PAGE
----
News / Asia

Taiwan, China to Hold First Official Talks

Taiwan, China to Hold First Official Talksi
X
February 10, 2014 5:48 PM
Taiwan and China hold official talks this week, a historic first for the two governments since a civil war ended more than six decades ago. Political differences still linger and while the two administrations do not officially recognize one another, some analysts say the talks could mark a small step toward more normal official ties. VOA's Bill Ide has more from Nanjing where the talks will be held.
William Ide
Taiwan and China hold official talks this week, a historic first for the two governments since a civil war ended more than six decades ago. Political differences still linger and while the two administrations do not officially recognize one another, some analysts think the talks could mark a small step toward more normal, official ties - and perhaps even be a prelude to a possible meeting between China's Xi Jinping and Taiwan's President Ma Ying-jeou later this year.
 
Since Taiwanese President Ma Ying-jeou was elected in 2008, Taipei and Beijing have made big strides in boosting economic ties.
 
However, as bilateral trade has boomed, Ma's approval ratings at home have sunk, hovering in the teens and low 20s for much of last year. Only halfway through his second term, there are concerns both for Ma and China's leadership that the political tide in Taiwan could be shifting away from Taipei's ruling Nationalist Party, also known as the Kuomintang.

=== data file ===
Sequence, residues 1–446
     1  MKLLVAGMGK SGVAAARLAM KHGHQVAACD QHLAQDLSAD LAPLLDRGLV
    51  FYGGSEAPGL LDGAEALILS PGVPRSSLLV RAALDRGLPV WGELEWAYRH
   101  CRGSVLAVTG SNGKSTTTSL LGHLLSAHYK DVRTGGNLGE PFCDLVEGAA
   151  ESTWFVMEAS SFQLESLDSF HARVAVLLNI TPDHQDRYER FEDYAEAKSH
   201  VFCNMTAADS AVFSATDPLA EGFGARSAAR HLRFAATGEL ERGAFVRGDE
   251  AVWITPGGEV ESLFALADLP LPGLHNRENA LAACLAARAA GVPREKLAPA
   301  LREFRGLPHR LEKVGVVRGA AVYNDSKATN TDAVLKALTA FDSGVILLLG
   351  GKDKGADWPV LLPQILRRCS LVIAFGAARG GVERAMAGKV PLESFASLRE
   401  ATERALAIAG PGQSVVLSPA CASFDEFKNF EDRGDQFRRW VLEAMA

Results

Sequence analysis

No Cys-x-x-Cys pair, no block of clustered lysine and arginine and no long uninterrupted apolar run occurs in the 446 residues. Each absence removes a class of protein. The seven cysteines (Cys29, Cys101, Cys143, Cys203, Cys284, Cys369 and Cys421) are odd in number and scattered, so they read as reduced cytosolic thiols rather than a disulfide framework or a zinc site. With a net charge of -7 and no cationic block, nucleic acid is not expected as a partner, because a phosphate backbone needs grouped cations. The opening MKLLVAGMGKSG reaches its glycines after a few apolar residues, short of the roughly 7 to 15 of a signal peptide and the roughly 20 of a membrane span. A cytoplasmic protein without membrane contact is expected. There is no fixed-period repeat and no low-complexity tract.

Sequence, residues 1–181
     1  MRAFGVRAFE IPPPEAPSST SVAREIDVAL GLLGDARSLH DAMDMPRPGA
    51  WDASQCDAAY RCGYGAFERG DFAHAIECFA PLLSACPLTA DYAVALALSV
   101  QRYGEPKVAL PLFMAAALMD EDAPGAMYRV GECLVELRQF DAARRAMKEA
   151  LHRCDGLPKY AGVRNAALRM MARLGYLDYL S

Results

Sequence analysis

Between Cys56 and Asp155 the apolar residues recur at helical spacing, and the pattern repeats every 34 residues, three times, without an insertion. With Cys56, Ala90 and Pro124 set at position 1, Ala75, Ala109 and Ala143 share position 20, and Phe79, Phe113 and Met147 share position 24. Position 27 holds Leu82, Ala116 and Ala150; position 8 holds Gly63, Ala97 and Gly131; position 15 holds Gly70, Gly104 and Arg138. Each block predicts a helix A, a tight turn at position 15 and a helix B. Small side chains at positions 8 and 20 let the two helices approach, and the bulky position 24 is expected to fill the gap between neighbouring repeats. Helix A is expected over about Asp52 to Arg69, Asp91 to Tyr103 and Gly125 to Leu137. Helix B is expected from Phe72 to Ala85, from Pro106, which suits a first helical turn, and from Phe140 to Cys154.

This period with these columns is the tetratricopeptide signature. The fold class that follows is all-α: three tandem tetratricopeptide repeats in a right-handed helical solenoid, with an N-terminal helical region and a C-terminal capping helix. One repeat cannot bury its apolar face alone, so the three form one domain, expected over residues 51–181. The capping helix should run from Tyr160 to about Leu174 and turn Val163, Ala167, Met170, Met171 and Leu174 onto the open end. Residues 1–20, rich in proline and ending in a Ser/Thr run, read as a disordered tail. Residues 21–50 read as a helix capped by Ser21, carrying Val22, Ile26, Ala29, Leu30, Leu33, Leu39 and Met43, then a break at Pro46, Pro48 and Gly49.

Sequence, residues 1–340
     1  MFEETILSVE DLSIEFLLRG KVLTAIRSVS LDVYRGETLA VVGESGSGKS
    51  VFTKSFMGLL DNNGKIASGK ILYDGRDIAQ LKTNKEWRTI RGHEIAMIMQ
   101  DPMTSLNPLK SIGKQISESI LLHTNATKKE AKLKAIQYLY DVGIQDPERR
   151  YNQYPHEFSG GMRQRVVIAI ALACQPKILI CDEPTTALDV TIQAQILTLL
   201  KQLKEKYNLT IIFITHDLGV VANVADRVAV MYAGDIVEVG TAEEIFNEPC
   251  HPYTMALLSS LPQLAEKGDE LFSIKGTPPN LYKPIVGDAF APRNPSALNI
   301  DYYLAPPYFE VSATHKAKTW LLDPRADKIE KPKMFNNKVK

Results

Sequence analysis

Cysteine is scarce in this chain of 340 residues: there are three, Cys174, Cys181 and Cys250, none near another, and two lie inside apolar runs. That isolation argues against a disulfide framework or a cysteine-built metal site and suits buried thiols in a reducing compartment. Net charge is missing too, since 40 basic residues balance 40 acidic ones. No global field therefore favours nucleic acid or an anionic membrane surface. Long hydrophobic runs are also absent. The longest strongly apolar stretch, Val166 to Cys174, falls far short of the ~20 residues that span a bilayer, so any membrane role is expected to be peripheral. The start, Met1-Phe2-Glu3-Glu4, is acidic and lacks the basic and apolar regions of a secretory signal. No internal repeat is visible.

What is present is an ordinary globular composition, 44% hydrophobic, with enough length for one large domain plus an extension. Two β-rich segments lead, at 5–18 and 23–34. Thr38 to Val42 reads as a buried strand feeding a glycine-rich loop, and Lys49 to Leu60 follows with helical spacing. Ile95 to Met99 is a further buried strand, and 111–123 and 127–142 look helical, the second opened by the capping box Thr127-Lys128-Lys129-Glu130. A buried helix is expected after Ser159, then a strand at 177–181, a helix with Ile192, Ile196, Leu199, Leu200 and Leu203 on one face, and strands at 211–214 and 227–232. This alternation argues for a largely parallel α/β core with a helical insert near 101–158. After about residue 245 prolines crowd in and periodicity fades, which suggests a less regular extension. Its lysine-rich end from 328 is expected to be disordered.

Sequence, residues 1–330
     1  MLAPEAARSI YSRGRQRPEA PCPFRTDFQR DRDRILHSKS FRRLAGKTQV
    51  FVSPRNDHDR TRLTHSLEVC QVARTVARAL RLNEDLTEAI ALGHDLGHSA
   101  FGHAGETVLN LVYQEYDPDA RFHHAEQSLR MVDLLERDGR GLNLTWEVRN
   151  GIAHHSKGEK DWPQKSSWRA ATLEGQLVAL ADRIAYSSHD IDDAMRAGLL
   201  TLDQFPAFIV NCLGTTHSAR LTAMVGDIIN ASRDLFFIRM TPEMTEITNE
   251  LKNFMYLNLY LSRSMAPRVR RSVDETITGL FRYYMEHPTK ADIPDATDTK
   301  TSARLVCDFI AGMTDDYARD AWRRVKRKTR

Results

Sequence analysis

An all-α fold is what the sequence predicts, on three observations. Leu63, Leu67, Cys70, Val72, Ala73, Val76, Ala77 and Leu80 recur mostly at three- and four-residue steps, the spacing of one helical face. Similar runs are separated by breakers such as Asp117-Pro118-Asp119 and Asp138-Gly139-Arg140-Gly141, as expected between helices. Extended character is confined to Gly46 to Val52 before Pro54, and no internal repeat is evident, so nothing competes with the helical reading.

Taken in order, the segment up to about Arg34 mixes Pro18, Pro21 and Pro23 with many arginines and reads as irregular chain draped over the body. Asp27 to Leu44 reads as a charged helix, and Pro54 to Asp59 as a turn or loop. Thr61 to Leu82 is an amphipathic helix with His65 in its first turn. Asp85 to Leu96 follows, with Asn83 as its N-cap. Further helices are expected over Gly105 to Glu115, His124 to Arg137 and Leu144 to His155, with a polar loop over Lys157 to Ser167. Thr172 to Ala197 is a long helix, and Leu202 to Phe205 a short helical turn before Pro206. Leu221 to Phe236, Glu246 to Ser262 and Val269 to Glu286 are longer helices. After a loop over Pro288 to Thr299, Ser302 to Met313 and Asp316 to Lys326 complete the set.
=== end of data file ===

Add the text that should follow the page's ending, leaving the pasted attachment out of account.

Taiwan holds legislative elections at the end of this year, and what Ma hopes to accomplish through the historic talks is the appearance of a breakthrough in relations, said Joseph Cheng, a political scientist at the City University of Hong Kong.
 
"The political risk is that if the Ma Ying-jeou administration handles it well it may well boost his popularity and help to achieve better results in the important parliamentary and local elections to be held at the very end of this year, and if he fails, and if he mishandles these meetings and so on, this may become a point of criticism picked up by the opposition and adversely affect the electoral fortunes of his Kuomintang," said Cheng.
 
Taiwan and China have been separately ruled since the end of a civil war in the 1940s, when the Communists defeated the Nationalists. The Nationalists relocated to Taiwan and the Communist Party has ruled in China ever since.
 
For decades, China has considered Taiwan a part of its own territory and has not ruled out the possibility of using force to reach its goal of unification. In 1996, when Taiwan held its first democratic presidential elections, China lobbed missiles into the Taiwan Strait. In more recent years, however, Beijing has been trying to win Taiwan over with economic overtures instead.